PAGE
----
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8: Perspective

  • Page ID
    126922
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    Perspective

    Perspective is an art technique for creating an illusion of three-dimensions (depth and space) on a two-dimensional (flat) surface. Perspective is what makes a drawing seem to have form, distance, and look "real." The same rules of perspective apply to all subjects, whether it's a landscape, seascape, still life, interior scene, portrait, or figure drawing. The use of the technique and application of perspective to two-dimensional art has not always been apparent in the artwork created prior to the Italian Renaissance and the end of the Gothic Art Period in Northern Europe. We will first examine the art of earlier time periods and see whether use of perspective is evident. For the most part, storytelling was more important and the illusion of depth is not present. The development and understanding of this concept in art, and the interest to include the illusion of depth in drawings and paintings will come later.

     

    Historical Overview

    Prehistoric Art

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    • Cave painting dates back 50,000 years

    • Symbols are drawn or painted

    • Perspective is not evident

     

    Ancient and Medieval Art

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    • Egyptian 3250 - 1280 BCE: the artwork is flat and formulaic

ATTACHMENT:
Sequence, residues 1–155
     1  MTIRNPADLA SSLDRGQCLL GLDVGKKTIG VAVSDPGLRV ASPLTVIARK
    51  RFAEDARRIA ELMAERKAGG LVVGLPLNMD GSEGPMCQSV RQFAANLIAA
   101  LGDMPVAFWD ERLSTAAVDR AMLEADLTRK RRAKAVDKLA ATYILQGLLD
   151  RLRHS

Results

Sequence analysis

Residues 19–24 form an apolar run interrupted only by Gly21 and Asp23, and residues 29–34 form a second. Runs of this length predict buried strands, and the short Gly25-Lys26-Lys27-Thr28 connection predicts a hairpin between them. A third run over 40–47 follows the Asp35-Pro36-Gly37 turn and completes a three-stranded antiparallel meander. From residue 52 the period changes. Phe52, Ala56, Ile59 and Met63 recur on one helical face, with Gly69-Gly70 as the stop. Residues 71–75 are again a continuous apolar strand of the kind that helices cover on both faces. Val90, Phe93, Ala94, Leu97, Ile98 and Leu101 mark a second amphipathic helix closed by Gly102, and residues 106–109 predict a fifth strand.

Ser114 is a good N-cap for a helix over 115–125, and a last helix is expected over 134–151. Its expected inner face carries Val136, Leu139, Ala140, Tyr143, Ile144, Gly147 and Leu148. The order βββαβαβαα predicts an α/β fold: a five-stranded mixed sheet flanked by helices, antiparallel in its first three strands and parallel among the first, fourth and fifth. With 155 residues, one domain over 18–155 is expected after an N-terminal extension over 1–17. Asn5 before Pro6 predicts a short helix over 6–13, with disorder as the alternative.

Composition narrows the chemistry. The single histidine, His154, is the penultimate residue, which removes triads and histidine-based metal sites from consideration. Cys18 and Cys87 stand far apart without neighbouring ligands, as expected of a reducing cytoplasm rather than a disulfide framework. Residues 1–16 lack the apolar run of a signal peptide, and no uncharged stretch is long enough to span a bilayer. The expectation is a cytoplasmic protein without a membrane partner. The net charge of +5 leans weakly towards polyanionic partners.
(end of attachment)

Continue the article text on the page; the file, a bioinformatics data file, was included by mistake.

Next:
• Sumerian 2600 BCE: used registers similar to the Egyptian hieroglyphs

    • Assyrian 883 - 889 BCE: flat depictions of war-like leaders

    • Persian 490 BCE: similar to Assyrian art, for power and influence

     

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    • Minoan 1550 - 1450 BCE: beautiful, but rather flat, artwork of an advanced, peaceful people 

    • Greek 540 - 530 BCE: focus is mainly on the surviving architecture and sculpture; art of Athens moved western art forward

    • Normandy & England 1066 - 1183: tapestries and illuminated manuscripts most significant art of the period; perspective not completely understood

    • Italian 1305 – 1311: strides in modeling the forms; awkward renderings of spaces and buildings

     

    Early Christian Art

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    • Spirituality, not space, is the concern

    • Creating “royal images” in a new vocabulary - mosaics with glittering gold and bright colors

    • Perspective not natural

     

    Islamic Art

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    • Narrative important - the art of storytelling

    • Most art is quite decorative without emphasis on human form

    • Perspective not natural

     

    Late Medieval & Gothic

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    • Strides are made in creating natural forms in painting

    • Perspective not natural with the exception of the paintings by Jan van Eyck